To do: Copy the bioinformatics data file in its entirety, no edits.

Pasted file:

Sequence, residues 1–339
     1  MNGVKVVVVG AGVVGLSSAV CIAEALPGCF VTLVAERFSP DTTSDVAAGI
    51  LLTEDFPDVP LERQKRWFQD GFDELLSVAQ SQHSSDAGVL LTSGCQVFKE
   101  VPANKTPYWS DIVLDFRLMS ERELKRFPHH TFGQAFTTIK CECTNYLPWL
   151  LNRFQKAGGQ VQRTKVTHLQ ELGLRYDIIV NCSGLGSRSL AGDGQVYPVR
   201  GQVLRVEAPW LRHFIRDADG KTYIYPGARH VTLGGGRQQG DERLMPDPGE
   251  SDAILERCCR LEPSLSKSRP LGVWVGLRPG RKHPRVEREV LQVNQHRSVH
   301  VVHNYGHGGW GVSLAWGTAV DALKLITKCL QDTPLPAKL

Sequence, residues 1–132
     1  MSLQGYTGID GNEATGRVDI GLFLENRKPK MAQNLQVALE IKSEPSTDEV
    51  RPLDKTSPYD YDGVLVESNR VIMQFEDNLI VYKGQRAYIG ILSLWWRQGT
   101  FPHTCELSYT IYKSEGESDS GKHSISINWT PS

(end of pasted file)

Sequence, residues 1–339
     1  MNGVKVVVVG AGVVGLSSAV CIAEALPGCF VTLVAERFSP DTTSDVAAGI
    51  LLTEDFPDVP LERQKRWFQD GFDELLSVAQ SQHSSDAGVL LTSGCQVFKE
   101  VPANKTPYWS DIVLDFRLMS ERELKRFPHH TFGQAFTTIK CECTNYLPWL
   151  LNRFQKAGGQ VQRTKVTHLQ ELGLRYDIIV NCSGLGSRSL AGDGQVYPVR
   201  GQVLRVEAPW LRHFIRDADG KTYIYPGARH VTLGGGRQQG DERLMPDPGE
   251  SDAILERCCR LEPSLSKSRP LGVWVGLRPG RKHPRVEREV LQVNQHRSVH
   301  VVHNYGHGGW GVSLAWGTAV DALKLITKCL QDTPLPAKL

Sequence, residues 1–132
     1  MSLQGYTGID GNEATGRVDI GLFLENRKPK MAQNLQVALE IKSEPSTDEV
    51  RPLDKTSPYD YDGVLVESNR VIMQFEDNLI VYKGQRAYIG ILSLWWRQGT
   101  FPHTCELSYT IYKSEGESDS GKHSISINWT PS